We use the equipartition theorem E ~ 3kT/2 to estimate the energy Nmv^2/2 and we get the velocity v = sqrt{kT/3Nm} ~ 100m/s — again an estimate. So each particle will travel it mean free path in 10^{29}seconds. That is a long — a very long time. However, there are a lot of these particles. The DM mass is on average 10^{41}kg or consists of about 10^{66} of these particles. About 1/100th of this is near the center of galaxy and accounts for about 100 times the density, so maybe about 10^{40} of these particles are being annihilated every second, or about a trillion kg/sec or an net energy output of about 10^{29}watts of power output. This is about 1000 times the power output of the sun, but it must be remembered this is in gamma rays and not optical radiation as with the sun.

    The time it takes the DM to decay to half it current quantity is about 10^{29} seconds, or 10^{22} years. All of these estimates might be off by a couple of orders of magnitude, but this rough estimate captures approximately what things should turn out under more rigorous analysis. The stellar phase of the galaxy will end in about 10^{13} years, so DM will be around in abundant quantity to hold the galaxy together long enough. I would presume that after 10^{23} years or so when DM has largely decayed away that most matter not bound in the SMBH at the center will then drift away.


  8. Member
  9. Member
    Aqua says

    Rotate both of the above images 90 degrees to match the illustration above…

  10. Olaf says

    I am just wondering why 2 spheres?
    I would expect an hourglass shape.

  11. Bravehart says

    We better watch these G-ray bubbles closely, the rate of growed will be
    important as well as the time frame, it is a sign of what comes next.
    It may develop into jets or it will burst, in each case it will cause trouble for us!
    I was expecting a light dome but we are already past that, this is not about what
    happen in the past but what is to come! It took only two centuries to grow to its
    present size and that is fast in universal time.

  12. damian says

    The image is an illustration.

    Find the real data here:

    I have to wonder if the jets are part of a galaxy’s interstellar gas accretion mechanism.

    As noted in this Post:

    I expect that the energy jets would follow field lines across the galactic sheath. Much as field lines in a magnet might. ? Or or solar Helio-sheath.

    Where they interact with the intergalactic medium gamma rays are generated?

  13. Catamarion says

    Our scientists still do not recognize one important thing: All the matter that exists in this galaxy (except for later captured one) came OUT of the black hole at the galactic center.

    When galaxies start forming, the jets are visible and they have active nucleus – the black hole is spewing out matter which then becomes stars and planets (Centaurus A).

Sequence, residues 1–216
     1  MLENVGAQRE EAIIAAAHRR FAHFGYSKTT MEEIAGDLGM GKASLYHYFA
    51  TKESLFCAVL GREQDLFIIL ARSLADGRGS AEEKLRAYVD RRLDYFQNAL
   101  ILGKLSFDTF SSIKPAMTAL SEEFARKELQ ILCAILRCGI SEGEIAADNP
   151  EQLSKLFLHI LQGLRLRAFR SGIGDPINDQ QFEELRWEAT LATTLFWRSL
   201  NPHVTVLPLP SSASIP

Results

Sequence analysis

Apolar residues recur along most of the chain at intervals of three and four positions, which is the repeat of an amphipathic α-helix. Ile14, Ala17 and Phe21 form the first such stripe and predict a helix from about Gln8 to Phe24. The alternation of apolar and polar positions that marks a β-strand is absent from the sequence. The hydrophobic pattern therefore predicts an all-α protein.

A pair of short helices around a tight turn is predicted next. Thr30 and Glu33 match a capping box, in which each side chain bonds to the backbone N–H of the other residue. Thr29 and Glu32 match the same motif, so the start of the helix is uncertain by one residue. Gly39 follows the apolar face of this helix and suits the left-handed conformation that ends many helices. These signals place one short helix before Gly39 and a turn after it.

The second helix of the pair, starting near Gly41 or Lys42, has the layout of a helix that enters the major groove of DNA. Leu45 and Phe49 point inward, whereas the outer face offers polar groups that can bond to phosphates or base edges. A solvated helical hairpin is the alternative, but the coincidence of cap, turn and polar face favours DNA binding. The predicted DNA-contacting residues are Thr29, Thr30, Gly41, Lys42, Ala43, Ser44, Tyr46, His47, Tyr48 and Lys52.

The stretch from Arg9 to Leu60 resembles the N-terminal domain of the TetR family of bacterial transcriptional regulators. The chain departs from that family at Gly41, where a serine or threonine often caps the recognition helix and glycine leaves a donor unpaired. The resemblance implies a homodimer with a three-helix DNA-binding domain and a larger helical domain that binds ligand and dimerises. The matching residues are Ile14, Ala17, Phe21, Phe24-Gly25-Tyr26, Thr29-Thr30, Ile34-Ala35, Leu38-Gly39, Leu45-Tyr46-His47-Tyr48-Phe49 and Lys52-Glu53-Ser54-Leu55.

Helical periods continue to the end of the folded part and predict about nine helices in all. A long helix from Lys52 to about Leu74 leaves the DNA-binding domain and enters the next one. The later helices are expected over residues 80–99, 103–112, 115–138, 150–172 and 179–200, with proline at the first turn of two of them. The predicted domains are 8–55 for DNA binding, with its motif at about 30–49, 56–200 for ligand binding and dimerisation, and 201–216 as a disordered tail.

Later, the jets subside and the energy coming out of the black hole is reduced. What they’ve just discovered are the traces of energy coming OUT of the black hole. Energy that sustains this galaxy and keeps this galaxy in one piece.

  14. Lawrence B. Crowell says

    Catamarion: I just can’t let this go by. Black holes are gravitational wells which are so intense that spacetime is curved at some length smaller than a critical radius so as to be removed from the universe. As it is said, black holes are black because light is unable to escape. There is nothing which can escape a black hole in a causal manner. Black holes do quantum mechanically radiation matter out, but for a black hole larger than the mass of the sun this is negligible.

    Jets do not emerge from a black hole, but are due to plasma physics of material outside a black hole.


  15. Olaf says

    The jets are not coming from inside the black hole. The jets is the mass outside the black-hole getting accelerated by magnetic fields of the black hole and ejected upwards and downwards. This mass never got in a black hole.

  16. tsdisee says

    thank you very much. though I can hardly follow your calculations. I just don’t know how do explain the shape of that 2 blobs via DM.
    They looks more like a remnant of jets for a glance. I know remnants of supernova prefer high-energy band too. Accelerated by shocks
    I thought you may calculate the annihilation rate through the total gamma flux of the FERMI discovery.

  17. Lawrence B. Crowell says

    I brought up the DM because the FERMI Gamma rays telescope spacecraft has found signatures of DM decay by leptonic channels. The leptonic decay channel in the 10 GeV energy range is to me surprising. The question I have is to what degree these data interpreted as galactic activity, presumably due to a SMBH and past jet activity, and DM decays have been separated from each other. The two data sets need to be filtered appropriately. This data was recently reported by Hooper and Goodenough last month.

    The two lobes pictured here have features I might expect from galactic activity. This might reflect some MeV particles or photons leaving the region near the galaxy core which then irradiate diffuse atoms, which then re-radiate as gamma and X-ray photons. If this activity were increased considerably it might manifest itself as a galactic jet, and our galaxy has undoubtedly had such during episodes in the past. So I would tend to say these lobes are likely to be predominantly due to galactic activity.